There are various philosophies on how best to approach alarm reviews and the rationalization process related to a migration project. Some companies choose to initiate the process by reviewing the alarms in existing SCADA. Others use the new SCADA as a motivation to start from scratch and go through the rationalization process with a clean slate.
The state of a company’s alarm problems within its existing SCADA is often the deciding factor. Whichever approach a company uses, the effort can require a substantial number of resources, including both engineers and controllers for a significant period of time. Companies should not underestimate this undertaking in developing their SCADA migration project schedule.
The good news for most U.S. pipeline companies is that they have recently addressed alarm management in a holistic manner to meet the Pipeline and Hazardous Materials Safety Administration (PHMSA) 49 CFR, Parts 192 and 195 requirements. This should reduce the effort required to address alarms as part of SCADA migrations and will likely translate to minor alarm configuration adjustments as opposed to a complete rationalization exercise.
Regardless of how successful the technical elements of a SCADA migration may be, the project will fail if controllers do not have a high comfort level with the new SCADA system when it is commissioned. There are several philosophies among companies about how to best handle controller training. Some send controllers to formal vendor training well ahead of the conversion and then do follow-up training just before the cutover. Others prefer to wait until just before the training and do a longer, more in-depth training session.
Many factors go into determining the most effective approach for a given company, but no matter what approach is used, it is important that controller training cover two essential aspects. The first is to ensure controllers gain general familiarity with the new SCADA system, learning how to maneuver within the system, how to call up displays, acknowledge alarms, etc. The second aspect of training is to gain familiarity with the details of company-specific configuration, including what graphics they will be controlling from, how their specific faceplates look, how their alarms are configured, etc.
Standard vendor training is adequate to gain a general familiarity with the new system. However, learning to operate the pipeline from the new monitoring and control screens requires a deep dive into pipeline specific configuration.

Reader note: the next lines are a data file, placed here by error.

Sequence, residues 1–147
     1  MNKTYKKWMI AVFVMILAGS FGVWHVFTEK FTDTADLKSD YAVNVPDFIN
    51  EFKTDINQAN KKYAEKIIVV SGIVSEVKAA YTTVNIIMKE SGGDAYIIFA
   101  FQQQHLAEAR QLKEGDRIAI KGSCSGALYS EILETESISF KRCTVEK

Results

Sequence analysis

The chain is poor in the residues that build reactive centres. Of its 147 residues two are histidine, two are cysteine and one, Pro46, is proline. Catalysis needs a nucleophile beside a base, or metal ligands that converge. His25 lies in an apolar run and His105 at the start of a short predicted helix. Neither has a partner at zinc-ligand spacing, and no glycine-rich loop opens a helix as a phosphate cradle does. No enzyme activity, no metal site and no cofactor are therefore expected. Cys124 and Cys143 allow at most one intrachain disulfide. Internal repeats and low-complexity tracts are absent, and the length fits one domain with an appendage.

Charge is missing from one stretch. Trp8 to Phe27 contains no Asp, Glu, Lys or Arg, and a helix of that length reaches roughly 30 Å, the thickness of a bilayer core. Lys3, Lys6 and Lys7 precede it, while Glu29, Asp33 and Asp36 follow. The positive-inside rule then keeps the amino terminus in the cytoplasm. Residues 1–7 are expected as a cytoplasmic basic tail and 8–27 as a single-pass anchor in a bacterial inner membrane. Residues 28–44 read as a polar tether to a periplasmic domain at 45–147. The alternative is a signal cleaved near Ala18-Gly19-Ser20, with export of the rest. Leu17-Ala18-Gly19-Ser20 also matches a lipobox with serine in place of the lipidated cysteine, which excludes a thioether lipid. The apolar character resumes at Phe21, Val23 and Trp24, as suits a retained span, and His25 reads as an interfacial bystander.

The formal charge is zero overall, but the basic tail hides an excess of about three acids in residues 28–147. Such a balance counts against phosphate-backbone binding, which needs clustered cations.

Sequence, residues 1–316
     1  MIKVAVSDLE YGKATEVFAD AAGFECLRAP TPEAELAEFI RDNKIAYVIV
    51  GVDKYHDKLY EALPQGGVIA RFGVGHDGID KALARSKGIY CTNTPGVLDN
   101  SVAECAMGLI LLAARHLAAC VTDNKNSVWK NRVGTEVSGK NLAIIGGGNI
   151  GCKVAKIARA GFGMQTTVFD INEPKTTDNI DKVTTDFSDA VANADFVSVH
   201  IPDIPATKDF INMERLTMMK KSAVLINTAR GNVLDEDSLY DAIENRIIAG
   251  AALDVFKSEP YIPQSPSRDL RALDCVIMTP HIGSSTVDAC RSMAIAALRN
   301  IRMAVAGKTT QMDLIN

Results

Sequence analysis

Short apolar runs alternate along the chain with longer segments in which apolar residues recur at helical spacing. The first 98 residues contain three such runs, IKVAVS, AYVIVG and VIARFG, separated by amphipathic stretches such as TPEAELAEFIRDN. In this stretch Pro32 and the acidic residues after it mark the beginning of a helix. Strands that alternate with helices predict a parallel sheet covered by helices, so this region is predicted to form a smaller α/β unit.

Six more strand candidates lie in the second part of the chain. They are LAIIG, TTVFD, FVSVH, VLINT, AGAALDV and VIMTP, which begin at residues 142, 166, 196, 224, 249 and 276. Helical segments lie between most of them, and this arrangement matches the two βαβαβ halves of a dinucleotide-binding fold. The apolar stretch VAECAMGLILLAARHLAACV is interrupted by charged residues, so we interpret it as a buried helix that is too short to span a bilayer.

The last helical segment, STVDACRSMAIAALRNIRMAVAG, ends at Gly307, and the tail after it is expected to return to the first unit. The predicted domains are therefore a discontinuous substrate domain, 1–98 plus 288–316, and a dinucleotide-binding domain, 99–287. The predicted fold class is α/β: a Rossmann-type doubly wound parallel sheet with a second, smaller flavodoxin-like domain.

One of the best ways to accomplish a comprehensive controller training is to have one or several controllers involved in designing and giving the training. They should become coaches to the other controllers on staff.
The preference is that these controllers are heavily involved in the project from the beginning, giving them adequate time to learn the new system and understand their pipeline-specific graphics and control algorithms. These lead controllers can then also put together documentation that helps explain the new system in terms familiar to the other controllers and may potentially create a cross-reference index with terminology from the old SCADA system.
While there are many ways to approach controller training, it is important to address it at the beginning of the SCADA migration project with a comprehensive controller training plan. This will allow companies to leverage the learning experiences that occur throughout a SCADA migration project to help educate controllers. The more involvement controllers have in the training process, the more likely the training materials and approach will resonate with the other controllers and lead to thorough training that prepares controllers to operate on the new SCADA system.
SCADA migration projects are significant undertakings for pipeline companies. The success of these projects is not only contingent on technical execution but also on using the knowledge of controllers to optimize the new SCADA and educate other controllers.
Beyond the four areas of controller involvement discussed in this article, there are other areas of SCADA migrations that can be positively affected by controller involvement such as factory acceptance testing and cutover planning. Finding ways to gather controller input and actively involve controllers in SCADA migrations will pay great dividends in reducing project risks and maximizing the benefits of a new SCADA system.
Author: Daniel Roessler has over 20 years of experience with control system migrations and is the principal consultant for DANR Consulting. He wrote “Control System Migrations: A Practical Project Management Handbook” (Momentum Press, 2013), a comprehensive collection of best practices for control system migration projects.